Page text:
FEDERAL COURT OF AUSTRALIA
NSD 1006 of 2018
Date of judgment:
Competition and Consumer Act 2010 (Cth) Sch 2 s 18
Corporations Act 2001 (Cth) s 1051H
Agnish Pty Limited v Folio Invest Pty Limited (No 2)  FCA 1041
New South Wales
National Practice Area:
Commercial and Corporations
Regulator and Consumer Protection
Number of paragraphs:
Solicitor for the Applicant:
Lazarus Legal Group Pty Ltd
Counsel for the First and Second Respondents:
The first and second respondents did not appear
Counsel for the Third Respondent:
The third respondent appeared in person by telephone
FOLIO PROPERTY PTY LIMITED (ACN 144 632 413)
BRADLEY CLIVE JAMES BILBIE
DATE OF ORDER:
THE COURT ORDERS THAT:
2. The third respondent file and serve an outline of submissions, not exceeding 10 pages in length, by 20 November 2019.
3. The applicant file and serve any submissions in reply, not exceeding five pages in length, by 13 December 2019.
4. The parties are to give notice in writing of any witness required for cross-examination by 13 December 2019.
5. Costs thrown away by the adjournment be the third respondent’s costs in the cause.
6. Liberty to apply on the giving of 48 hours’ notice.
Note: Entry of orders is dealt with in Rule 39.32 of the Federal Court Rules 2011.
(REVISED FROM TRANSCRIPT)
1 The third respondent seeks an adjournment of the hearing of the substantive matter.
2 The proceedings were commenced by the filing of an originating application and statement of claim on 12 June 2018. In brief, the applicant seeks damages for the loss or damage suffered by it consequential upon an unsuccessful investment it made in a real property development located at Austral (Austral Project). The applicant alleges that the third respondent made representations to it that the investment would be incredibly secure, was significantly de-risked with a clear exit strategy, that the respondents were very capable and that the applicant would achieve a 40 percent return on the investment. The applicant also alleges that the third respondent, acting on behalf of the second respondent company, represented to the applicant that the second respondent had an ability to guarantee a 30 percent annual return to investors, it had a proven system that enabled it to make that promise, that it would generate a profit on the Austral Project of $18.5m, that the second respondent was willing to offer security over assets in the form of developments which had an equity position of approximately $40m and that a third party had a net asset position of approximately $40m.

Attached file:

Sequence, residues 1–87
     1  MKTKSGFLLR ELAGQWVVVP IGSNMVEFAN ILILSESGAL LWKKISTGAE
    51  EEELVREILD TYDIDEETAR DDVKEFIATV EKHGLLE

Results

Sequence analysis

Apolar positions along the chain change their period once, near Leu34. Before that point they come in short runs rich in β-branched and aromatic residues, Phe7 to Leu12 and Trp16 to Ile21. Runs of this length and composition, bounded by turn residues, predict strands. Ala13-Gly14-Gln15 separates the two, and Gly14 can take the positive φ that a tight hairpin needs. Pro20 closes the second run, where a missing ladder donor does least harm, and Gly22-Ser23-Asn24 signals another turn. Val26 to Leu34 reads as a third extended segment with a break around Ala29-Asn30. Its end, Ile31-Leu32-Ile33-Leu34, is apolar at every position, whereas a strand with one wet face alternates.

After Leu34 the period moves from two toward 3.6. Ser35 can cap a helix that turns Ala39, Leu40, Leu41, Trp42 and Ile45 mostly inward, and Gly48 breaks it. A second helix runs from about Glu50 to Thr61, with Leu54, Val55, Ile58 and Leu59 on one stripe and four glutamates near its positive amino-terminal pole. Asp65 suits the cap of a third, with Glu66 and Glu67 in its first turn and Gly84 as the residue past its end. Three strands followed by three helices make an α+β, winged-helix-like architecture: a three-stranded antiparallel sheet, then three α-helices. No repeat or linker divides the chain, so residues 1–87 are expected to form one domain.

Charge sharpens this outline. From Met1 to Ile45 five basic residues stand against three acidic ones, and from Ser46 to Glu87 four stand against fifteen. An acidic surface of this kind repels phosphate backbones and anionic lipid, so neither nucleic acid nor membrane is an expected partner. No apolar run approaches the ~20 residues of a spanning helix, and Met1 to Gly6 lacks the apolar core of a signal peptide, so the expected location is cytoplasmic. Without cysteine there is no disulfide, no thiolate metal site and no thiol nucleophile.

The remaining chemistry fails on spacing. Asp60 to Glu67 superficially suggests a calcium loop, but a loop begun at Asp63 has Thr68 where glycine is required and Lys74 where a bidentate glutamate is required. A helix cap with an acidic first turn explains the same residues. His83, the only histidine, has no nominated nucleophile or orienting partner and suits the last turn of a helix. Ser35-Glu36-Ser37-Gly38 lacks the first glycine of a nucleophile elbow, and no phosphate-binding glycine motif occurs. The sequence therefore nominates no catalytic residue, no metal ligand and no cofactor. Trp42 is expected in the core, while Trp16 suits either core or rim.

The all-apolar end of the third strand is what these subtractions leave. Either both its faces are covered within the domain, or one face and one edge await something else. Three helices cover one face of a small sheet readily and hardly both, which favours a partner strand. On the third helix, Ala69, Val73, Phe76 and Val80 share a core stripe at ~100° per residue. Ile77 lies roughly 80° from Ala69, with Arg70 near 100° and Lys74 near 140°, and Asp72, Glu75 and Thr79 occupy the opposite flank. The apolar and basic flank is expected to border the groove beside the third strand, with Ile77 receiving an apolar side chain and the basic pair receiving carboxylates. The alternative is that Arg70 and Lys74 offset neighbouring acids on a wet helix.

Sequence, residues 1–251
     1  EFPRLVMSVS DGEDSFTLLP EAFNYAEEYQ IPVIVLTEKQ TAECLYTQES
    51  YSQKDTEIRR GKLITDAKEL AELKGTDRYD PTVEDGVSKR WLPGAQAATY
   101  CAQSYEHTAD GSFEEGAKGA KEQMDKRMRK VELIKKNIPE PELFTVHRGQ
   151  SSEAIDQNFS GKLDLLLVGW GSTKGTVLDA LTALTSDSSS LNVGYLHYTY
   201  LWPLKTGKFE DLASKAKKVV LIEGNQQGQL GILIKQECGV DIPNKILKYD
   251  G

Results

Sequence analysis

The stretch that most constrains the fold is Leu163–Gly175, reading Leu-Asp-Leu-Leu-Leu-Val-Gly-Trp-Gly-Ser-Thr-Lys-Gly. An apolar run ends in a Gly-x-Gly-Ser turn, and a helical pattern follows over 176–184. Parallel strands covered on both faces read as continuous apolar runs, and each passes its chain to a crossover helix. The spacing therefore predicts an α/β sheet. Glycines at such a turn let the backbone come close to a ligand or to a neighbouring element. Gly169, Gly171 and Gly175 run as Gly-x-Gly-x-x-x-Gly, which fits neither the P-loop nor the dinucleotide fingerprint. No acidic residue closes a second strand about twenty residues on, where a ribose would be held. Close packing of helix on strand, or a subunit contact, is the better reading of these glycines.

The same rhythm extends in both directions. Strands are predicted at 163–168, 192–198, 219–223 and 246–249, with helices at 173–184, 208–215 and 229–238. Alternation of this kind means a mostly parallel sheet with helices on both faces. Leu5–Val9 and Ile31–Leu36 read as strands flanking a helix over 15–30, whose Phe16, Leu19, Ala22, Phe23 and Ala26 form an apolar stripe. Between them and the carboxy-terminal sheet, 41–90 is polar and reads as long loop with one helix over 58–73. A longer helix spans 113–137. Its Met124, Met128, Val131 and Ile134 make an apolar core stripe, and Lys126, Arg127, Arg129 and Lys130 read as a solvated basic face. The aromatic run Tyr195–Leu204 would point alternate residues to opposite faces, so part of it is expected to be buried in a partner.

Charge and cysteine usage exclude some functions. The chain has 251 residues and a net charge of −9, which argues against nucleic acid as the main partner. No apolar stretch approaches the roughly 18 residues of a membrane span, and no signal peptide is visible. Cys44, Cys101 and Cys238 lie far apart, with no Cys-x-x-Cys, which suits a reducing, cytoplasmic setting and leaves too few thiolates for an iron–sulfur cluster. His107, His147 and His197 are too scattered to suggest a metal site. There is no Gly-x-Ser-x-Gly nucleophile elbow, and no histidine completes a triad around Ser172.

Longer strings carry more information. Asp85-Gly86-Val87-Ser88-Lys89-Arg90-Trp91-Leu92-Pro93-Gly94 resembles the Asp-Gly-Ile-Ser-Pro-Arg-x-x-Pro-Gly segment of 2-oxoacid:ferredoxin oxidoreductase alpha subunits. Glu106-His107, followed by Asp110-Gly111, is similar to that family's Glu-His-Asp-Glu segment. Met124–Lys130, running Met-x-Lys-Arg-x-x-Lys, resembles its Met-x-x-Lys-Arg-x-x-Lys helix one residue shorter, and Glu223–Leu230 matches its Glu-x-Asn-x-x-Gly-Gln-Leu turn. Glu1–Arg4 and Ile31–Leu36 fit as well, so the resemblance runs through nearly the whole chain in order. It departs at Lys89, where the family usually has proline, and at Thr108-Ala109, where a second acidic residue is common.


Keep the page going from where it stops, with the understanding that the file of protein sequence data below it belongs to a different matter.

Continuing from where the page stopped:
3 The applicant contends that, relying upon these representations, it entered into a loan agreement under which it advanced $0.5m to developers for the Austral Project.
4 The applicant submits that on 27 May 2019, the second respondent was deregistered and, on 18 August 2019, the first respondent was deregistered. The applicant has not received the loan sum or any investment returns.
5 The applicant’s claims of misleading or deceptive conduct are made under s 18 of Sch 2 of the Competition and Consumer Act 2010 (Cth), s 12DA(1) of the Australian Securities and Investments Commission Act 2001 (Cth) and s 1051H of the Corporations Act 2001 (Cth).
6 The third respondent appears to reside in Sierra Leone. On 11 December 2018, the Court granted leave to serve the originating documents on the third respondent in Sierra Leone (see Agnish Pty Limited v Folio Invest Pty Limited  FCA 1992).
7 On 2 July 2019, the Court made orders for deemed service and substituted service (see Agnish Pty Limited v Folio Invest Pty Limited (No 2)  FCA 1041).
8 On 2 July 2019, the Court made orders requiring the third respondent by 7 August 2019, to file and serve a notice of address for service, a defence to the statement of claim and any affidavit evidence on which he intended to rely. Orders were also made that day for the filing of submissions and the matter was listed for hearing on 8 October 2019.
9 On 19 September 2019, the third respondent filed his defence (which was well out of time). The defence simply stated that the third respondent maintained that there was no pleading against him personally in any of the paragraphs of the statement of claim.
10 The orders dated 2 July 2019 required the applicant to file and serve an outline of submissions four weeks before the hearing date and for the respondents to file an outline of submissions two weeks before the hearing date.